Lautenberg - speaking the day before his 89th birthday - also vowed to take on the gun lobby, cracked jokes, and said he had unfinished work to do, but did not answer one of the biggest questions in New Jersey politics: whether he will seek another six-year term in 2014.
"I've got a lot of work to do yet, serious things, and we pride ourselves with my office and my team on getting things done. That's the focus. I'm not thinking about the politics right now," Lautenberg said in his first public comments in weeks. Asked if there was a chance he would not run again he said, "I don't see that, but who knows?"
Booker's campaign declined to comment Tuesday. On Twitter, however, Booker wrote: "Often your best words are those you choose to keep to yourself."
Lautenberg, who has been in the Senate for most of the last 20 years, displayed a sense of ownership.
"It's an open seat if I don't keep it," Lautenberg said. When a reporter asked if he would run against Booker, the senator said the question was backward. "Run against him? Would he run against me?"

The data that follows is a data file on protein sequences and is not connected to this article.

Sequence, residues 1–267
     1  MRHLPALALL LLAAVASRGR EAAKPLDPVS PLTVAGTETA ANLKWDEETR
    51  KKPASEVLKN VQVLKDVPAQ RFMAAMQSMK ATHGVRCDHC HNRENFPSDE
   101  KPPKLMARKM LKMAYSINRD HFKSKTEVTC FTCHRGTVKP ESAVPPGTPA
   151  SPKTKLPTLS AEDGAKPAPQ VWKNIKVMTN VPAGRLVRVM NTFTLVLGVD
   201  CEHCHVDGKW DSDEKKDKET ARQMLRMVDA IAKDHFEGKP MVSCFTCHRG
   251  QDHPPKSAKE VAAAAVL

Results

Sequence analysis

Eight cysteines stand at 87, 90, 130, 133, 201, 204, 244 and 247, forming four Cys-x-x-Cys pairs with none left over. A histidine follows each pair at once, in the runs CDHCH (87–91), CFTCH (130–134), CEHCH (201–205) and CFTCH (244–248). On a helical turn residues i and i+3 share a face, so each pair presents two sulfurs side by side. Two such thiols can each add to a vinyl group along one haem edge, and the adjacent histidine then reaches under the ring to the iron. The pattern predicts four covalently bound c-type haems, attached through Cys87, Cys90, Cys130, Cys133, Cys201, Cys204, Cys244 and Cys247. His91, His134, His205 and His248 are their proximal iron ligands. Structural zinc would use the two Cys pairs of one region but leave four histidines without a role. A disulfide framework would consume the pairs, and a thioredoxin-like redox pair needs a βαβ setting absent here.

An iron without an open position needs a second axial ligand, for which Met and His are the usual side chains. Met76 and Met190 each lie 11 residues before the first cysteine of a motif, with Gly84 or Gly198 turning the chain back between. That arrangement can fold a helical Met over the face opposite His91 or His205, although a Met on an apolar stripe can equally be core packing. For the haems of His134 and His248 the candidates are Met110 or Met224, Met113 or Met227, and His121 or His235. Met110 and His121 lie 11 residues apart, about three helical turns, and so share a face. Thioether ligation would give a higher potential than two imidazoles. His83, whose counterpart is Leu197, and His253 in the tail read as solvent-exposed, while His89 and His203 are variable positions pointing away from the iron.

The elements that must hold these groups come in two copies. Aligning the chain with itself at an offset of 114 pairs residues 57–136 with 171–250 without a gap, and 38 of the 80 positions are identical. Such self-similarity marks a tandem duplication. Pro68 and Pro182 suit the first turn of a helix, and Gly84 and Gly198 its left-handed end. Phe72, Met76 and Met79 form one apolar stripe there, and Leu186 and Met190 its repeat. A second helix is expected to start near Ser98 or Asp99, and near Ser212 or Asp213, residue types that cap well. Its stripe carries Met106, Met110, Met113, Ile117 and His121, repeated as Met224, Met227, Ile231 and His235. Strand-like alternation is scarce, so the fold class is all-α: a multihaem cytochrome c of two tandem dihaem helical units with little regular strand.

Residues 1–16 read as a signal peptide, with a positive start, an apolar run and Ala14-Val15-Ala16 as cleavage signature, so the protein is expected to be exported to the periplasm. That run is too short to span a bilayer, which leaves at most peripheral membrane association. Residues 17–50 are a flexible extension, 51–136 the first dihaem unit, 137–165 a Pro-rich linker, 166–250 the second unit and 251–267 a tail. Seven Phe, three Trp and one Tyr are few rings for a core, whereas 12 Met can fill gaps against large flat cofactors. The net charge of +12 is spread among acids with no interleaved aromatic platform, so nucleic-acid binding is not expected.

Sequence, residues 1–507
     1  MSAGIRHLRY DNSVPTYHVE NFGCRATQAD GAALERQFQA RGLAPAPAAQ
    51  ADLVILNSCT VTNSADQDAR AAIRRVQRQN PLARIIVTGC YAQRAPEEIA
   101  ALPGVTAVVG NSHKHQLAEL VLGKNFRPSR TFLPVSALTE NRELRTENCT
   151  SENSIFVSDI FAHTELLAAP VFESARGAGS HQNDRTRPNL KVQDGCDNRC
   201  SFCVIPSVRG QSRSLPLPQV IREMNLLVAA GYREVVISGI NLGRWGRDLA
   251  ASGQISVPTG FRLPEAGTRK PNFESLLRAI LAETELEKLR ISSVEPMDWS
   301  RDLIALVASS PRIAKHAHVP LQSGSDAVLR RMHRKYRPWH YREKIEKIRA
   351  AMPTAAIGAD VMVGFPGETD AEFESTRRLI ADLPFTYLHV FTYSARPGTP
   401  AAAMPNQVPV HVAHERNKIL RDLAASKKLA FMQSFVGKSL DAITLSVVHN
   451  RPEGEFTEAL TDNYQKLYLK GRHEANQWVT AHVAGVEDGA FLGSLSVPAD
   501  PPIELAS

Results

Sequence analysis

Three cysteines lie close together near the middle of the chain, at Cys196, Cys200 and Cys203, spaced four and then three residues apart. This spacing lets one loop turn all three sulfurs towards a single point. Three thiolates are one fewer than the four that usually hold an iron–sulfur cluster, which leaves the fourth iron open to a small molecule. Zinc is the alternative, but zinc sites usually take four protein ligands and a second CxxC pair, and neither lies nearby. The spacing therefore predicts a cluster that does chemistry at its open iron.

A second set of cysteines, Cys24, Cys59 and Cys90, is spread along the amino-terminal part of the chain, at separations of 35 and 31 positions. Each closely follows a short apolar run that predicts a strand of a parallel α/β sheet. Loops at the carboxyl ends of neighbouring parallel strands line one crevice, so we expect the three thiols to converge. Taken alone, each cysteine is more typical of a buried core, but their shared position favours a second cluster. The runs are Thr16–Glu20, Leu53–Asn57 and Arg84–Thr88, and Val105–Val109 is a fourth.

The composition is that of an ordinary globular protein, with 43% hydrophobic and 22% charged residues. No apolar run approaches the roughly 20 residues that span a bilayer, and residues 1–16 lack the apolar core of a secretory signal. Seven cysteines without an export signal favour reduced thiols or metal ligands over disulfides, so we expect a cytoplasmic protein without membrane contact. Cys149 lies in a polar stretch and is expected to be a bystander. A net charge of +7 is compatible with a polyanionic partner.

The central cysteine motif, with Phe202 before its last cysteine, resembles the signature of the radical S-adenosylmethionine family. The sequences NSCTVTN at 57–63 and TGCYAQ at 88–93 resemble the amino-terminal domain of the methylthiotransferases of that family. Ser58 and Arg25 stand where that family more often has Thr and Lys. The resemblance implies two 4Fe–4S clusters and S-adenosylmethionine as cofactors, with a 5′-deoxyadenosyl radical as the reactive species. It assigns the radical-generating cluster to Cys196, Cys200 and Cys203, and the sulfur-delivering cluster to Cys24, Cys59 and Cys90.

He later said Booker was "entitled to do it" if he wanted to challenge Lautenberg.
"He'll have to stand on his record, and I'm sure he won't be a lone soldier out there drooling at the mouth and wanting this cushy job," Lautenberg said.
With most Democrats passing on the chance to run against Gov. Christie this year, many are eyeing Lautenberg's seat in 2014 - though, unlike Booker, the rest of the possible field has avoided talking about it publicly.
Booker, by contrast, used a Web video to announce that he was considering a run, and recently filed papers to create a Senate campaign committee. Early polls rate him as the Democratic favorite in 2014.
Booker, at the New Jersey State Society inaugural ball in Washington on Sunday night, evaded questions about whether he would run.
The senator said Tuesday that he and Booker shared a commitment "to working in Newark. ... I go there every day, I can tell you that."
Lautenberg had been almost entirely out of public view since mid-December, missing several critical votes, including those on the fiscal cliff deal and a relief package to aid the victims of Hurricane Sandy.
He said he had a cold that became the flu, followed by "a severe case of bronchitis, with fluid in the chest." He said he was well now.
On Tuesday he reintroduced a bill to ban high-capacity gun magazines, a long-held goal that has new momentum with backing from President Obama after the Newtown school shooting.
As for the cane, Lautenberg said, "I don't need this, but it adds cachet."
Contact Jonathan Tamari at email@example.com or follow him on Twitter @JonathanTamari. Read his blog 'Capitol Inq' at www.philly.com/CapitolInq.